By Periyava
Translation from Tamil By V. Krishnaraj
கோபம் : தெய்வத்தின் குரல் (முதல் பகுதி)

Kāmam Krōdham (desire and anger) are two words spoken of in combination. Kāmam is desire. Krōdham is anger, irritation, impatience, hatred…Krishna Paramātmaṉ says in Gita Kāmam and Krōdham push you off the ledge into the sea of sin.
Once we develop a desire, we try to acquire or fulfill it in a wrong way. That is how desire pushes us into sin. It is a great enemy. Anger is the next enemy. If we do not acquire the object, we get angry with the obsctructor or the perceived obsctructor. Unfulfilled desire is anger.
We throw the rubber ball against the wall. It bounces and comes back to us. What is thrown is desire. What returns or bounces back is anger. The bouncing ball attacks us. Likewise, though we think we attack the other, it attacks us more. Our body shakes in anger. Anguish is the result. If someone takes a photo of us making angry noises and shows them to us later, we understand how hideous we look and feel ashamed.
When the hunger in man and animal subsides with food, the hunger returns next time. The fire feeding on fuel never fails (to subside). It burns more exuberantly with more leaping tongues of flame. There is a wholesale devouring of objects by the flame. Though the flames are bright and tracks a path, they leave a trail black tarred objects behind. That is why the fire earned a name Krishna Vartmā. Desire is also Krishna Vartmā. The more it feeds on desired objects, the appetite never slackens but increases. It blackens our mind. Though fulfilment of desire gives a temporary joy, there is always an interminable chase after more of the same resulting in loss of peace and happiness and precipitation of teariness and anger. Cry comes from unhappiness.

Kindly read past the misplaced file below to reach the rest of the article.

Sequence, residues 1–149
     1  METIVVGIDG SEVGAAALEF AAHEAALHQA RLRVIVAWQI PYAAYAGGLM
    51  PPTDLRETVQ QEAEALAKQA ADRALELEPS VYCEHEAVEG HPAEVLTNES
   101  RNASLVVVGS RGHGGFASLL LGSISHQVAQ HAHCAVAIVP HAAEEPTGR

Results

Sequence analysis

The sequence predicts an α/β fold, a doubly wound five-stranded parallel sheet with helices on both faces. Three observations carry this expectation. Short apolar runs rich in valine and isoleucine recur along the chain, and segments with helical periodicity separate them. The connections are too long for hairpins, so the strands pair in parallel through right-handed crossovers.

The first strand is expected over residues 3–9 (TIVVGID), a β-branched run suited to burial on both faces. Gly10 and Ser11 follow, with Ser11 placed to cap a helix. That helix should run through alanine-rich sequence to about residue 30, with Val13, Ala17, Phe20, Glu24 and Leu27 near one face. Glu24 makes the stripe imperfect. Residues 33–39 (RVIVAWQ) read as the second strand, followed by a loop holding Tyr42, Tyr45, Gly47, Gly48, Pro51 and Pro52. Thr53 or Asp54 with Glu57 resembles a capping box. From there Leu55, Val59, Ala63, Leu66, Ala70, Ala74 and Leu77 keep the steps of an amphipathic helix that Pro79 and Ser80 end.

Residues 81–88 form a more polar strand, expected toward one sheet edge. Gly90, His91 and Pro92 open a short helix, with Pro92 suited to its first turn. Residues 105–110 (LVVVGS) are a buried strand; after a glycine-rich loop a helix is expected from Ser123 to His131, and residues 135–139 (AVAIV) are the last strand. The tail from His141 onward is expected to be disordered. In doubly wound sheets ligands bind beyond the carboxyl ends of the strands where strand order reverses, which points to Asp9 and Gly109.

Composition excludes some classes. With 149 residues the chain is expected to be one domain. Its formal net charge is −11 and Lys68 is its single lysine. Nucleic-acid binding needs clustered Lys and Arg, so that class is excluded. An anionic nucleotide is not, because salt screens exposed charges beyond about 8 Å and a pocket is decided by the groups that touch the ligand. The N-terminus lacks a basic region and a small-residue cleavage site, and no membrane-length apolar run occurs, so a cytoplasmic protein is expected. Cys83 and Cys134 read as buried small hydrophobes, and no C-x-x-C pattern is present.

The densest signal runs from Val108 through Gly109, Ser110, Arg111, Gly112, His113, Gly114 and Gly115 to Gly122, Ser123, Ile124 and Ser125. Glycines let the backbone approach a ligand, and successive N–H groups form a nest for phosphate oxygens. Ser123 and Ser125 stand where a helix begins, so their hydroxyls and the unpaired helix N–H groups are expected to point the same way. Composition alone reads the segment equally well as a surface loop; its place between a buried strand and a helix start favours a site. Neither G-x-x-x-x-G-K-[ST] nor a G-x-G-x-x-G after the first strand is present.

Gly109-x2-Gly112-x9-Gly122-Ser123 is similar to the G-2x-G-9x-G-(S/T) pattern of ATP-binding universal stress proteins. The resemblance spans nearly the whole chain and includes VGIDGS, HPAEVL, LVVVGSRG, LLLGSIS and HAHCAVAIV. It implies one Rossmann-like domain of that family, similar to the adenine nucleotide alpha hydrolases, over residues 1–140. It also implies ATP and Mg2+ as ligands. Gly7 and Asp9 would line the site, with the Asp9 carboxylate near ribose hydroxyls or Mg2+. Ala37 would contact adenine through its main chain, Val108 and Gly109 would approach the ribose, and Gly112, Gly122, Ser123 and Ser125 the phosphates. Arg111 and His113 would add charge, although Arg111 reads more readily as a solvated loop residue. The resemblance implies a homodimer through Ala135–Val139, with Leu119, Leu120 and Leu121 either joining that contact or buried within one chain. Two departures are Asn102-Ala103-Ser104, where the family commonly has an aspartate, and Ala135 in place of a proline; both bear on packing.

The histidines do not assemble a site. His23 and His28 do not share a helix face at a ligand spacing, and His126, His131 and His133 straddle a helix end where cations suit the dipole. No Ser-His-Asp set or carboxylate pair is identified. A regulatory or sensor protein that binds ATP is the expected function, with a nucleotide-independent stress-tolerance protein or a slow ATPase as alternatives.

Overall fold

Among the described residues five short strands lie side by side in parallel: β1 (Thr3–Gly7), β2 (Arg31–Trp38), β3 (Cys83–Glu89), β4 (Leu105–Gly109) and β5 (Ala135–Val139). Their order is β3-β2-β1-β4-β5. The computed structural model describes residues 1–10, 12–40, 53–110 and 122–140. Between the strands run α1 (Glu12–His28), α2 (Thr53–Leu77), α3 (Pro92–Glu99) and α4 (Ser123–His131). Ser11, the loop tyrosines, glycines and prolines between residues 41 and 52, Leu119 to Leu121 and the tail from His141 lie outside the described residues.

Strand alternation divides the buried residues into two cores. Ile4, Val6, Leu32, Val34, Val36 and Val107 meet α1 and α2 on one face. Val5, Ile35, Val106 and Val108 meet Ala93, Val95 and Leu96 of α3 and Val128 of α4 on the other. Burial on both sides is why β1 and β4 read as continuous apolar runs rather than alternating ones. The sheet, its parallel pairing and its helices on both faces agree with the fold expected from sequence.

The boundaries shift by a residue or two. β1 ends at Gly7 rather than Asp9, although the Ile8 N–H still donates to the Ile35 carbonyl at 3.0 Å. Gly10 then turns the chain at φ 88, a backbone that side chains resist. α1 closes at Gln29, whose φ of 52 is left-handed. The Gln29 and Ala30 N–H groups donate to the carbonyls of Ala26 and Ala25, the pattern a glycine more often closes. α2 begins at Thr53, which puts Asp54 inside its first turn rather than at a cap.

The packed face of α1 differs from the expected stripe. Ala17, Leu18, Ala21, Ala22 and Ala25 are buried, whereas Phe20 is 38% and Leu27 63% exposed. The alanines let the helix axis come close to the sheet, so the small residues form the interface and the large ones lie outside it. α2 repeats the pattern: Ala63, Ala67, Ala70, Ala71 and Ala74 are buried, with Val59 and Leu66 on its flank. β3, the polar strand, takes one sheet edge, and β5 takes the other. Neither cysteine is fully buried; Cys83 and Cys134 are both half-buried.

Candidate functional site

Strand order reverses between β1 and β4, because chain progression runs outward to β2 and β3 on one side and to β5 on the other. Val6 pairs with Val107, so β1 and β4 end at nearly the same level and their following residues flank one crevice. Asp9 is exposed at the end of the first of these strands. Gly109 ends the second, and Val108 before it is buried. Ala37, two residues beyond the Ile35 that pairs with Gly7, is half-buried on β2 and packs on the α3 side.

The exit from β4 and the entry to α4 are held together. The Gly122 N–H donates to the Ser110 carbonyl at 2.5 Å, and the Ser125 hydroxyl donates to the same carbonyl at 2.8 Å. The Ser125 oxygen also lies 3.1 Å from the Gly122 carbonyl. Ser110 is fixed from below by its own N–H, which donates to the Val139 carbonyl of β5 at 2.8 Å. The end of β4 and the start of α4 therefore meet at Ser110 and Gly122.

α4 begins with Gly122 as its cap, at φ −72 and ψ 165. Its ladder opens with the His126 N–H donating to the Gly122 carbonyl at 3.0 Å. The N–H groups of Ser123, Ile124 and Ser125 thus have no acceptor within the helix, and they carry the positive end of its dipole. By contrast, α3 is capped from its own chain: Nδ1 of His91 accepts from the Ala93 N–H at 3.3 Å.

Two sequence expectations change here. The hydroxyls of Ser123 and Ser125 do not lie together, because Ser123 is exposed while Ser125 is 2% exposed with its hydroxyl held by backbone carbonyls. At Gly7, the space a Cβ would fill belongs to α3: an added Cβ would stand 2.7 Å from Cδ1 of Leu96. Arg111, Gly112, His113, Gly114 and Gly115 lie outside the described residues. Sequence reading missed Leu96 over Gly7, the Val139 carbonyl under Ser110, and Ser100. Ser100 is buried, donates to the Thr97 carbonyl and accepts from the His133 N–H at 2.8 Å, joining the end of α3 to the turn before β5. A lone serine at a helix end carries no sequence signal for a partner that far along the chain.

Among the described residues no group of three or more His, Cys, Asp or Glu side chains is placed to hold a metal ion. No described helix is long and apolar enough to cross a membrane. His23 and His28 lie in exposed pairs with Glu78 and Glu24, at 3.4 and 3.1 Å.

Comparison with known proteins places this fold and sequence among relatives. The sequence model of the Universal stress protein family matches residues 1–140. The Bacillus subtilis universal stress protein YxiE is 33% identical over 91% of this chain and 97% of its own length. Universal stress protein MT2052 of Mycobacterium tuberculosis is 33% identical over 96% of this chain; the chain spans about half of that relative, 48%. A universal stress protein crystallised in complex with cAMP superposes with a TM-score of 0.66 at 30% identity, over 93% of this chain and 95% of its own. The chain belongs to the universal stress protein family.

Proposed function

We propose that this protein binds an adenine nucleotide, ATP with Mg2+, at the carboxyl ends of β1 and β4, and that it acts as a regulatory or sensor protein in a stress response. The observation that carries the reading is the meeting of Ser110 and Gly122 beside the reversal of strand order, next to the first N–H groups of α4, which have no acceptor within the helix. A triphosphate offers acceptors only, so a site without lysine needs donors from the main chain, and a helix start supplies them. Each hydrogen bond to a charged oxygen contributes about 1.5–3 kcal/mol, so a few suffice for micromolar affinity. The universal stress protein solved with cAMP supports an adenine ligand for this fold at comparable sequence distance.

Unfulfilled desire has two faces: Unhappiness and Anger. If the obstructionists are below our status, we get angry with them. If they are above our status, we cannot get angry with them but feel the anguish, and cry. The ferocity of anger is more powerful than the that of lust or desire. Nala Charithram (Naiṣadham) illustrates it beautifully. King Kali is on the move. His generals Desire and Anger follow him. The court sycophant sings their praises. What does he sing about Krōdhaṉ (Anger)? The saying goes, ‘No place is inaccessible for Kāmaṉ (Desire). There is a fort even Kāmaṉ never entered. Inside that fort, lives Krōdhaṉ. What fort is that? It is the heart of Durvāsa. The sycophant sings the praise of Krōdhaṉ. The moral of the story is that Durvāsa Mahaṛṣi, unknown for desire, is subject to anger. (Durvasa Muni has an irascible and an inflammable disposition.)
We should be very careful with the Great Sinner, Krōdhaṉ. Let us give it a thought. We know it. We have no right to get angry and yell at anyone. Our inner witness or self knows we have committed graver errors than those with whom we get angry. Though we may not have done grave errors, we should think that we could have committed the same error under similar circumstances.
Krōdhaṉ is our great enemy. We should protect ourselves by not allowing him to approach us.